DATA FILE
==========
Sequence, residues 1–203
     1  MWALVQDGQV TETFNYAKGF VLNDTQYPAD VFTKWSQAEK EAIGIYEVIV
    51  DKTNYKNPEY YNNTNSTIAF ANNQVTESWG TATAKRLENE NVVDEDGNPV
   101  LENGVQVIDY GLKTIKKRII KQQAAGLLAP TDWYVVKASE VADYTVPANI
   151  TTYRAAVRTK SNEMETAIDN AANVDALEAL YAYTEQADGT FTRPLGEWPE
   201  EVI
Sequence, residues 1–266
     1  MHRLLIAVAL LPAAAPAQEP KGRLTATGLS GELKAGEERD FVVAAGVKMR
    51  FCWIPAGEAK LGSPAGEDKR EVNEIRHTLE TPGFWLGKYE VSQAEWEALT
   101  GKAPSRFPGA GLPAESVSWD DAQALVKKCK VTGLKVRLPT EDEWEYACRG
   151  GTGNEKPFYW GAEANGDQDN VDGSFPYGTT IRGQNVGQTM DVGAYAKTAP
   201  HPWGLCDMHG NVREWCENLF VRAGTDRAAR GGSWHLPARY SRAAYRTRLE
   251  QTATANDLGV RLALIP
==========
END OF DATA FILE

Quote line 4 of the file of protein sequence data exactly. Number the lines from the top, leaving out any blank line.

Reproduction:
   101  LENGVQVIDY GLKTIKKRII KQQAAGLLAP TDWYVVKASE VADYTVPANI